In a bid to reduce fuel smuggled from Ethiopia to neighboring countries, the Ethiopian government is devising a new fuel supply strategy, which mandates quota based fuel distribution to regional states. Regional states have already embarked on studying the number of residents and fuel demands in each city and towns in their respective regions.
“A significant volume of fuel is smuggled out of Ethiopia via borders, to south Sudan, Kenya, Somalia and Sudan. Of course, we have managed to reduce the contraband of fuel, by far compared to three years ago,” Mulugeta Beyene, deputy commissioner at the Ethiopian Customs Commission (ECC), told The Reporter.
Mulugeta accuses fuel distributing companies, transporters, station owners and retailers of involved in the contraband business, which is currently more intense in Somali, Moyale, and Gambella, though it is smuggled through ‘all border areas’.
According to Mulugeta, the ECC has studied the problem since 2018/19 and confiscated countless fuel trucks engaged in contraband, but the problem has not stopped.
The major reason behind the fuel contraband is subsidy.
“Fuel is subsidized in Ethiopia. But in our neighboring countries, there is no such trend where the government subsidizes heavily. The price of fuel in Ethiopia is almost less than half compared to our neighbor countries. Therefore, there is a scramble to smuggle out fuel from Ethiopia to neighboring countries, via borders. The low price in Ethiopia is the major pushing factor for fuel contrabands,” added Mulugeta.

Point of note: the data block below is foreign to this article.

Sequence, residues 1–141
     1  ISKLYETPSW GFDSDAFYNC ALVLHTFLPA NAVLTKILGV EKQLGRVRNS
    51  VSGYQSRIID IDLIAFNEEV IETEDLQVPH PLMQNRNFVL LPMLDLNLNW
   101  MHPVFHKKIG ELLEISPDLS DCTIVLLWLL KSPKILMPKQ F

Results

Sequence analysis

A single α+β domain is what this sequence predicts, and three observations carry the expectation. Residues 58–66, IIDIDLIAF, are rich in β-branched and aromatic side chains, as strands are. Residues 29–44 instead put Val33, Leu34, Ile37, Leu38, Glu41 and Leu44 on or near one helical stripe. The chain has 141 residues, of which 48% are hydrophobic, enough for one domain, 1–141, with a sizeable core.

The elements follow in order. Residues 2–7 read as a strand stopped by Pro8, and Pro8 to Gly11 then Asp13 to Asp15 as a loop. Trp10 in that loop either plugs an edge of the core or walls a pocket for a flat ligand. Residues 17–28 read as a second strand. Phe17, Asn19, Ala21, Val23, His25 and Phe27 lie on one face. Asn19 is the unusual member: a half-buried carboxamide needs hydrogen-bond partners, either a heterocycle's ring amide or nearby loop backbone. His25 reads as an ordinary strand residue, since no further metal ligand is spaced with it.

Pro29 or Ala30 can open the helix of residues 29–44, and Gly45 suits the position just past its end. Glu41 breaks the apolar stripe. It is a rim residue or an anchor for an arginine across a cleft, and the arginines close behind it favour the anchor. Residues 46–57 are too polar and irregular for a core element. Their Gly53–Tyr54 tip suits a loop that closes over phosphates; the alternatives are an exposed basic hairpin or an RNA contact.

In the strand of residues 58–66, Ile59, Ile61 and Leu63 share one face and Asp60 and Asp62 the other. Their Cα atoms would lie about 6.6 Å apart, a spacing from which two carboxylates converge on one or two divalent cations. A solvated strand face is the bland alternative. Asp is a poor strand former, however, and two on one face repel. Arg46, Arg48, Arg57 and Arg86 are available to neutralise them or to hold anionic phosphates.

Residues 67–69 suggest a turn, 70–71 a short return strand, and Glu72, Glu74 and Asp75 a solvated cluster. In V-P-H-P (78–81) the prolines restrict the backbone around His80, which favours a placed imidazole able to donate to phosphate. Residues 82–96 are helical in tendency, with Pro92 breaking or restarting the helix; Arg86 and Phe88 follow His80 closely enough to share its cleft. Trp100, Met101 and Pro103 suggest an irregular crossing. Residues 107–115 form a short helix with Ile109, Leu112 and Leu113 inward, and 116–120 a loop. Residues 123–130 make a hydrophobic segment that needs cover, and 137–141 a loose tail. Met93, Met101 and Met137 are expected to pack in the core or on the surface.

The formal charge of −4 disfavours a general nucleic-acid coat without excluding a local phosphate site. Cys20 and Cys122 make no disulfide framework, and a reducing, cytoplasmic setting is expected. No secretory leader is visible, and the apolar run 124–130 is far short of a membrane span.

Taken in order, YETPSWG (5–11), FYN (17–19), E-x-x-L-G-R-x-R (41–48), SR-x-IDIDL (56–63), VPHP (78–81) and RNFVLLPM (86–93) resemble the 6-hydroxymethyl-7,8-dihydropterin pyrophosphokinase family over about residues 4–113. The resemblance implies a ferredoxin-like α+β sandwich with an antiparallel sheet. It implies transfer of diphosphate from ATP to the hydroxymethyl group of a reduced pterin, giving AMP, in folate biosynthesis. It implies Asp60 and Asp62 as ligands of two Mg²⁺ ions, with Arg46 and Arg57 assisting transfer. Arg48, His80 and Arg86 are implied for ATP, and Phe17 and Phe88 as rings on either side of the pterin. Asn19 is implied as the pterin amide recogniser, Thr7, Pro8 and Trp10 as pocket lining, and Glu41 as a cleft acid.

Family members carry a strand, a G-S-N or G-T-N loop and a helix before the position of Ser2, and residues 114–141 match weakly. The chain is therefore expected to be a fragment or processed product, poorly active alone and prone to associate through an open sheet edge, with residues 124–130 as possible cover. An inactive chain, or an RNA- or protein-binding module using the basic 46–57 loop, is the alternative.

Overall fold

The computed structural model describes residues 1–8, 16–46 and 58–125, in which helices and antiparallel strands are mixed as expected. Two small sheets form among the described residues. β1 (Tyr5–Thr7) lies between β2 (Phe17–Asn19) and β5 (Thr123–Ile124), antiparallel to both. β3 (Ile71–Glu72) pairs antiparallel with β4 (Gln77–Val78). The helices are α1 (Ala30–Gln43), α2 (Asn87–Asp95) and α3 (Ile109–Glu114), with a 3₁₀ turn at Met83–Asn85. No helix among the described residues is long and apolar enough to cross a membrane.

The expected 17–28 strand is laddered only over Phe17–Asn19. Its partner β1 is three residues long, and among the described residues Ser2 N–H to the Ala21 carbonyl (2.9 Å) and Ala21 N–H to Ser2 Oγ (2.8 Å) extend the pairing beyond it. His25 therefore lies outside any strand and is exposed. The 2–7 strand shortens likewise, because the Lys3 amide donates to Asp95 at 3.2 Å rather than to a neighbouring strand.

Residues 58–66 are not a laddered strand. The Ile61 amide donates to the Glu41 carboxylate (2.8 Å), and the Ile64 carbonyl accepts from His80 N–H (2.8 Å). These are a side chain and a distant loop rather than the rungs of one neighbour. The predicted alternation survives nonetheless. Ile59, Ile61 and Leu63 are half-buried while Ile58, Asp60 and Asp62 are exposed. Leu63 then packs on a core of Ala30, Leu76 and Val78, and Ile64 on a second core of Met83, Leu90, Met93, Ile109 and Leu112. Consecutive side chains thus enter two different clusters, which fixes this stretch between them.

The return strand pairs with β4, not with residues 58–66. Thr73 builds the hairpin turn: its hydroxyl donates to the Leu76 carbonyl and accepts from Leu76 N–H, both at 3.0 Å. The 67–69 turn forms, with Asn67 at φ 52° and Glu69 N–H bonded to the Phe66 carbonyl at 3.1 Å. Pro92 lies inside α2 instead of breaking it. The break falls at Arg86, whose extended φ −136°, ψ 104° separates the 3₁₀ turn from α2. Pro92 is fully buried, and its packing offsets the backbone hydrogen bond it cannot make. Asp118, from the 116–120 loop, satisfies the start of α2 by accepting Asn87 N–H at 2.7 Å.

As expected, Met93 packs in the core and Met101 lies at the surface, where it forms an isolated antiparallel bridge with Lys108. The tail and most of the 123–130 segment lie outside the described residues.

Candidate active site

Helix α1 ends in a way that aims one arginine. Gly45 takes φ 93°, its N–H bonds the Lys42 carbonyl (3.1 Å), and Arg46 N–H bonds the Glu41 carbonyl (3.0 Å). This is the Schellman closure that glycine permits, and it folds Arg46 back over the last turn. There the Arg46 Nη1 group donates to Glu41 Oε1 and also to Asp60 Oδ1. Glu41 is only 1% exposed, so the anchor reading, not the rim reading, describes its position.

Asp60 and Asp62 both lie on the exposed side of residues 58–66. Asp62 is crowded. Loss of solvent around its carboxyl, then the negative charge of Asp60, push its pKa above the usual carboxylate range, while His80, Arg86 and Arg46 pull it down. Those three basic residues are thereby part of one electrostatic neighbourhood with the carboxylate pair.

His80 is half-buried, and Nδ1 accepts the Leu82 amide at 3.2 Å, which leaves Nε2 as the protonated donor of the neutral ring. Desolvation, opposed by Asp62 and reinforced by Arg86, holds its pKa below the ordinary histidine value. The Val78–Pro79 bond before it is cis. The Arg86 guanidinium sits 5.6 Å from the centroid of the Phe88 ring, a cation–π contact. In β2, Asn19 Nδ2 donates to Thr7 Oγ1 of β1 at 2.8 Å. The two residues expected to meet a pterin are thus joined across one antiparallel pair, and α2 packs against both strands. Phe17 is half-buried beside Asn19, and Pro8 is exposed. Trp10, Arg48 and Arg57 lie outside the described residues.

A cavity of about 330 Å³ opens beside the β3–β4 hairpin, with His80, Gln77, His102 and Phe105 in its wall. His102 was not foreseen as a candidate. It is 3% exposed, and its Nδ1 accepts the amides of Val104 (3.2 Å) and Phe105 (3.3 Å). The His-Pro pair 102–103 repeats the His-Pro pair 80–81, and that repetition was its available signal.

Ethiopia spends USD 2.3 billion annually on average, importing 3.8 million metric tons of petroleum products. The Ethiopian Petroleum Supply Enterprise, which is the sole fuel importer, delivers the fuel to distributors whom in turn supply to station owners. In addition, fuel distributors and retailers have been complaining about the profit margins slated by the government as thin.
Under the fuel contraband system, fuel is first transported to border towns, where many have more fuel stations than their population needs. For instance, the ECC found fifteen fuel stations at Hartshek, a small town on Somali border, where the town’s population does not exceed 15,000. Currently, Moyale is also one of the major routes for fuel contrabands.
Once stocked at border towns, the fuel crosses into other borders through different mechanisms. There are fuel companies that operate both in Ethiopia and in neighboring countries, which leads to fuel trucks crossing from Ethiopia to another country, carrying the contraband fuel. If not, barrels are also used to transport the fuel.
Even though the contraband of fuel has decreased, the Baro River in Gambella region is being used to smuggle out fuel from Ethiopia. Fuel barrels are being carried by boats, and Jerry cans are common.
Currently, a national strategy is being designed to stop the cross-border fuel contraband. Regional states are studying the fuel demand in each city and town and the demand assessment will then be cross-checked for exaggerations. Once the demand is identified, fuel will be supplied to all regional towns and cities, based on quota.
Apart from fuel, other items like agricultural commodities imported and supplied to stabilize the market will also be distributed based on quota.
A new platform is established to coordinate the new strategy, comprised of Ministry of Transport, Revenue, Trade, Agriculture, and others, apart from the ECC.
Apart from the quota based system, cargo tracking systems and pipelines are also being considered.
“The ultimate and predictable approach to completely cutout the fuel contraband is transporting fuel using pipelines,” said Mulugeta.
The government is revising fuel price for privately owned vehicles. The price eventually will match the prices in neighboring countries markets, thereby rendering the incentive for fuel contrabands.